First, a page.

“In hope we were saved”, the Apostle Paul says (Rom 8:24). Yet he affirms with utter realism that creation continues to groan in travail, even as we, who have received the first-fruits of the spirit, patiently await the fulfillment of our redemption (cf. Rom 8:22-24). In today’s second reading, Paul draws a lesson from the Incarnation which is particularly applicable to the travail which you, God’s chosen ones in Bethlehem, are experiencing: “God’s grace has appeared”, he tells us, “training us to reject godless ways and worldly desires, and to live, temperately, justly and devoutly in this age”, as we await the coming of our blessed hope, the Savior Jesus Christ (Tit 2:11-13).
Are these not the virtues required of men and women who live in hope? First, the constant conversion to Christ, which is reflected not only in our actions but also in our reasoning: the courage to abandon fruitless and sterile ways of thinking, acting and reacting. Then, the cultivation of a mindset of peace based on justice, on respect for the rights and duties of all, and commitment to cooperation for the common good. And also perseverance, perseverance in good and in the rejection of evil. Here in Bethlehem, a special perseverance is asked of Christ’s disciples: perseverance in faithful witness to God’s glory revealed here, in the birth of his Son, to the good news of his peace which came down from heaven to dwell upon the earth.
“Do not be afraid!” This is the message which the Successor of Saint Peter wishes to leave with you today, echoing the message of the angels and the charge which our beloved Pope John Paul II left with you in the year of the great jubilee of Christ’s birth. Count on the prayers and solidarity of your brothers and sisters in the universal church, and work, with concrete initiatives, to consolidate your presence and to offer new possibilities to those tempted to leave. Be a bridge of dialogue and constructive cooperation in the building of a culture of peace to replace the present stalemate of fear, aggression and frustration. Build up your local churches, making them workshops of dialogue, tolerance and hope, as well as solidarity and practical charity.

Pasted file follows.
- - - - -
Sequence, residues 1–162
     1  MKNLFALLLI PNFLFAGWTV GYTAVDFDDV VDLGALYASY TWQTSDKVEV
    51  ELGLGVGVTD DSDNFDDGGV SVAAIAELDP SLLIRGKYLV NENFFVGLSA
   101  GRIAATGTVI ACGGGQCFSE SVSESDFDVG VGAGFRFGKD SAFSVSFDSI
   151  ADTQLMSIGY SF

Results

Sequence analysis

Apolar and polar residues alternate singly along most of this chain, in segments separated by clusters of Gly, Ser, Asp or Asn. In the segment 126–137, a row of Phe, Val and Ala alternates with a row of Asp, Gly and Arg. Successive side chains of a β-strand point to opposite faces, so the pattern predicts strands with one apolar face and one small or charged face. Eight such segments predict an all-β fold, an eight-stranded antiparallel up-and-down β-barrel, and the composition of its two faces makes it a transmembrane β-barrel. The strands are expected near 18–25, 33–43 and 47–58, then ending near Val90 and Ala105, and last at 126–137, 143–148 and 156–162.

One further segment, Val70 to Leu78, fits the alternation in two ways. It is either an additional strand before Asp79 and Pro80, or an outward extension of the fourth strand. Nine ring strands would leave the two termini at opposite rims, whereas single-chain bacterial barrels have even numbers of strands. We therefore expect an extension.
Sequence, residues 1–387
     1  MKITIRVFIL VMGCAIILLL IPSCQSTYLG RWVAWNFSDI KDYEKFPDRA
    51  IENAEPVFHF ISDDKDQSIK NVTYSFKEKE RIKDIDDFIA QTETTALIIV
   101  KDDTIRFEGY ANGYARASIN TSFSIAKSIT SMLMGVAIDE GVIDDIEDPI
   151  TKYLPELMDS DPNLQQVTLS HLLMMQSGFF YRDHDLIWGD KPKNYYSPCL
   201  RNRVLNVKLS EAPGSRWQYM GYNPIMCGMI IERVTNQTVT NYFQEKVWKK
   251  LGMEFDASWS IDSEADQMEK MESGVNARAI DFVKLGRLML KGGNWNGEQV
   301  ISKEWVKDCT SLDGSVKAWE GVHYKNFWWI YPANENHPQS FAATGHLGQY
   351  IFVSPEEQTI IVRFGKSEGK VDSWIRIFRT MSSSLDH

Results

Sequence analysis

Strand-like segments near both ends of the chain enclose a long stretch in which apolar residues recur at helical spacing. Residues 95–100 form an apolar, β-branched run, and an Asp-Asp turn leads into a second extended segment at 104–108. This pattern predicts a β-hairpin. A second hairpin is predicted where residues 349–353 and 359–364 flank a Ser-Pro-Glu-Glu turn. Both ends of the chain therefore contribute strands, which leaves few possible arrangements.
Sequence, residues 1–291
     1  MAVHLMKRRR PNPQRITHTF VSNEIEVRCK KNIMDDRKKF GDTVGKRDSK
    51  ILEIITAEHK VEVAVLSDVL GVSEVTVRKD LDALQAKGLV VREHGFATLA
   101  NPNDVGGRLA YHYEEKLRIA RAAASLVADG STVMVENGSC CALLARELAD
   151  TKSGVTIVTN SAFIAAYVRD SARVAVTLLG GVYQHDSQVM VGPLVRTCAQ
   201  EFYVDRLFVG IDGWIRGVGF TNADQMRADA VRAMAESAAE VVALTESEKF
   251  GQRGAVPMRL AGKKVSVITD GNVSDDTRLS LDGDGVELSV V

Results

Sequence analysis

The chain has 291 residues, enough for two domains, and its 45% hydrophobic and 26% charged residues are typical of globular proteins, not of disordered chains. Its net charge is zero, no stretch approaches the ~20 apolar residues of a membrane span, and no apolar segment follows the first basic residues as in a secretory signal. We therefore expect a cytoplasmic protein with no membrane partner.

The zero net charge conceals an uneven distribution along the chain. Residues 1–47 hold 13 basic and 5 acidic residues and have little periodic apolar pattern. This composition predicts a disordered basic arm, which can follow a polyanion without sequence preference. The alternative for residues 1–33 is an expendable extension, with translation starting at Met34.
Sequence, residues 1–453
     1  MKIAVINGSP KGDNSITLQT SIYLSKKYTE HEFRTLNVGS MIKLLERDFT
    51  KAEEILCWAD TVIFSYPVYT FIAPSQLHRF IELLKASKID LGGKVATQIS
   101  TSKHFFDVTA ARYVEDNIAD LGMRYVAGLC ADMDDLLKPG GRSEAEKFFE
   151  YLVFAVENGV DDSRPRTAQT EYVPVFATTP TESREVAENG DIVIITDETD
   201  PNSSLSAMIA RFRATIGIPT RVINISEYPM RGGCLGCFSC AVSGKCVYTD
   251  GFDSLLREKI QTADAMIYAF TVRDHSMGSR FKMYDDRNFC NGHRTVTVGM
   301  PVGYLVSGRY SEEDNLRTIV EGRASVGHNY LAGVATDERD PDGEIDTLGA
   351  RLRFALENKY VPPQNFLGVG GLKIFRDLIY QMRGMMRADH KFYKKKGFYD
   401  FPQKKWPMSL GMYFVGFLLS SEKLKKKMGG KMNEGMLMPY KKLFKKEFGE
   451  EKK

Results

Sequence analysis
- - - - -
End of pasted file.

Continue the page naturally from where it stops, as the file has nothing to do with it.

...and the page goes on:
Above all, be witnesses to the power of life, the new life brought by the risen Christ, the life that can illumine and transform even the darkest and most hopeless of human situations. Your homeland needs not only new economic and community structures, but most importantly, we might say, a new “spiritual” infrastructure, capable of galvanizing the energies of all men and women of good will in the service of education, development and the promotion of the common good. You have the human resources to build the culture of peace and mutual respect, which will guarantee a better future for your children. This noble enterprise awaits you. Do not be afraid!
The ancient Basilica of the Nativity, buffeted by the winds of history and the burden of the ages, stands before us as a witness to the faith which endures and triumphs over the world (cf. 1 Jn 5:4). No visitor to Bethlehem can fail to notice that in the course of the centuries the great door leading into the house of God has become progressively smaller. Today let us pray that, by God’s grace and our commitment, the door leading into the mystery of God’s dwelling among men, the temple of our communion in his love, and the foretaste of a world of eternal peace and joy, will open ever more fully to welcome, renew and transform every human heart. In this way, Bethlehem will continue to echo the message entrusted to the shepherds, to us, and to all mankind: “Glory to God in the highest, and on earth, peace to those whom he loves”! Amen.